The next sign we saw talked about the concept that the “River Carves, Landscapes Repair”:
When rains are intense and prolonged, a tug-of-war may happen. The swelled waters violently scrape riverbanks and floodplain, carrying away plants, rocks and land towards the Pacific Ocean. The gully, on the other hand, activates with heavy rain cascading mudded water, rocks and vegetation, thus developing a colluvial fan which effectively refills what flash floods damaged. In this way, a dynamic equilibrium is established.

We didn’t expect to come across a coffee plant along the trail. I remembered reading in the Rumi Wilco booklet, however, that certain plants – like the coffee plant or tree – were planted alongside other species to make it more “ecologically sustainable” for the trees. Susie loved coffee, so I took a picture of her holding the mature red berries on a tree with thick glossy leaves.

The third, and last, sign that we came across on the main trail explained “El Nina’s Effect”:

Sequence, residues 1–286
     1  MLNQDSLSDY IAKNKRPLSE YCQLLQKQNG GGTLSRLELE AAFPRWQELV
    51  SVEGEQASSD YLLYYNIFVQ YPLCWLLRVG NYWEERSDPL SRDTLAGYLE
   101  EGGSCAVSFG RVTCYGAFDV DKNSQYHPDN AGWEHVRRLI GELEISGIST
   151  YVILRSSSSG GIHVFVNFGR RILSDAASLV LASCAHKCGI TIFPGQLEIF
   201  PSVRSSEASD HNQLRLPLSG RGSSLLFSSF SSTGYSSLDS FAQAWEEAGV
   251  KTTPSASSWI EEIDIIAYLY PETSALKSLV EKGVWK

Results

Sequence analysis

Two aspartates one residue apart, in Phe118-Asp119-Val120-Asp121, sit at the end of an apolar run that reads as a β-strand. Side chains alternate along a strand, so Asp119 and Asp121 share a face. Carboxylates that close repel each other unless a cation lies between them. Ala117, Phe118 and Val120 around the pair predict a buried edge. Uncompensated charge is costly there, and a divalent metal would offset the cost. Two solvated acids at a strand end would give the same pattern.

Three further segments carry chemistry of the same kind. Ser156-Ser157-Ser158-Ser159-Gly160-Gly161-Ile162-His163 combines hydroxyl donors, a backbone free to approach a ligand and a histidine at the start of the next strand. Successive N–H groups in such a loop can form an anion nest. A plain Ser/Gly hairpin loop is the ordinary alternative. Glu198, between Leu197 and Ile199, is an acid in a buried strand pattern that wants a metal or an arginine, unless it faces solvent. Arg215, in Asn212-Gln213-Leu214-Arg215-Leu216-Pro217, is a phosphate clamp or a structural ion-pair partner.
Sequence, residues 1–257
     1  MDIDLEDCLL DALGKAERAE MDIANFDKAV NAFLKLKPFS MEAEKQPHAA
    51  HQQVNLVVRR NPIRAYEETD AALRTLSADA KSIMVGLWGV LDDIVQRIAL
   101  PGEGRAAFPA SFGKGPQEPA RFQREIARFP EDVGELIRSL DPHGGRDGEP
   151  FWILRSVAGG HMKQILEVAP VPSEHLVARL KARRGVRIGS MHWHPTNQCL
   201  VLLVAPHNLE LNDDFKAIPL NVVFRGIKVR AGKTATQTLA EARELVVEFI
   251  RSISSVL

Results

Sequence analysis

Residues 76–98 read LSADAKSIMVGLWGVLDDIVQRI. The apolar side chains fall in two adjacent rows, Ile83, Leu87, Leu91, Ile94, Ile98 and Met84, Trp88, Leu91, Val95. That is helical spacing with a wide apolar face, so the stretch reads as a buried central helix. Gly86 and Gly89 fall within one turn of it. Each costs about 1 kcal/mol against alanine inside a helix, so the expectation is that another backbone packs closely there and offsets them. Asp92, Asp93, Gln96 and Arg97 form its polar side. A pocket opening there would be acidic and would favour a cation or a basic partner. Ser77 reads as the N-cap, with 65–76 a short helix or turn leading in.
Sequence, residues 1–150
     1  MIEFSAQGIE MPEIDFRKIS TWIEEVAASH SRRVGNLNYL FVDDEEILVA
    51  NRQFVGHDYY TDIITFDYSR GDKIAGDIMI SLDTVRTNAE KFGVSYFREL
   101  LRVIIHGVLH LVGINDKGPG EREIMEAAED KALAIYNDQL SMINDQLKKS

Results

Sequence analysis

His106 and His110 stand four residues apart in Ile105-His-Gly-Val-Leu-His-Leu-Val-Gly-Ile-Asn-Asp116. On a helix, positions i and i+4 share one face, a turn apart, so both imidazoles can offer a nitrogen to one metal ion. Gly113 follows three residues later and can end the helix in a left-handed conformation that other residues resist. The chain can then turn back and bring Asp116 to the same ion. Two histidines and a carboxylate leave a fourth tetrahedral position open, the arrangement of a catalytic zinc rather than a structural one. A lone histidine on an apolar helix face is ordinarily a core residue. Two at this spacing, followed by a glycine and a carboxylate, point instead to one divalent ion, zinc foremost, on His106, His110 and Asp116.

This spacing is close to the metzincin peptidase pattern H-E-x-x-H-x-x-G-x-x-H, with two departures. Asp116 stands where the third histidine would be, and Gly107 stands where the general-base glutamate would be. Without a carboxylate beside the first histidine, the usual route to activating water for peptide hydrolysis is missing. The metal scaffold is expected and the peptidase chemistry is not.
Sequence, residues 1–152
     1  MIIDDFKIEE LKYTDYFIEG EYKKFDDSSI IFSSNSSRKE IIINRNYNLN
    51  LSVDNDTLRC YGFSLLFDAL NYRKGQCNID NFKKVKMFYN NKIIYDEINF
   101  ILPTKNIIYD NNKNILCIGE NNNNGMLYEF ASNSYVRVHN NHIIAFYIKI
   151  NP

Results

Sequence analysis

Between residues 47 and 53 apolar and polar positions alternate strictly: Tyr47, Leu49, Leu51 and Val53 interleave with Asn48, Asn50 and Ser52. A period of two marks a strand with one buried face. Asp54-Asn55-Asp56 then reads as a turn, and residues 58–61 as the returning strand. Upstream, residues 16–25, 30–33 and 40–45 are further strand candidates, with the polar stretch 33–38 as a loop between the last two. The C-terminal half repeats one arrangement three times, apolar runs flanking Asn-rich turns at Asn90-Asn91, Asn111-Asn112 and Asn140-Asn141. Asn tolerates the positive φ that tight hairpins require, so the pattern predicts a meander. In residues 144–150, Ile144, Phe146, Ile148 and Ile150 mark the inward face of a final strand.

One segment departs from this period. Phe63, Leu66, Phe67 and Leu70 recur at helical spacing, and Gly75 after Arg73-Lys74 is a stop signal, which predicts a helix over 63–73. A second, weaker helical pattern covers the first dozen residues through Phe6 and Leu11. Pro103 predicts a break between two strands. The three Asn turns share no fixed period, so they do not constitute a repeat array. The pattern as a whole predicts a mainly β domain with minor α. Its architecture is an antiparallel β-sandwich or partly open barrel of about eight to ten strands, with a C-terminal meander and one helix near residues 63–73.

A consequence of torrential rains pounding the Rio Chamba basin in 1999 was the great flash flood of February 28th, which altered the course of the stream here. Before, an eastward meander-contoured by this trail – described a ½ km semicircle. After the flood, lasting a mere three hours, a new section of the flood plain was breached, defining a changed river course.
El Nino and La Nina are major climate events with occasional worldwide implications. They may bring about greatly increased rains and droughts – mosaic fashion – in much of the planet.

Throughout the hike I kept looking for the Wilco tree, but I couldn’t find one. I was able to identify a fig or strangler fig tree. I thought I saw a Wilco tree along one of the gullies, where the rocky soil was a suitable habitat for the sacred tree of the Incas. I took a picture of what I thought was the Wilco tree towering above the surrounding smaller trees in order to try and identify it later. I wished Orland was around to teach me the names of the various trees and plants. Instead, I had to be satisfied with the pleasure of walking through his nature reserve and enjoying the sight and scent of the trees and plants without knowing their names.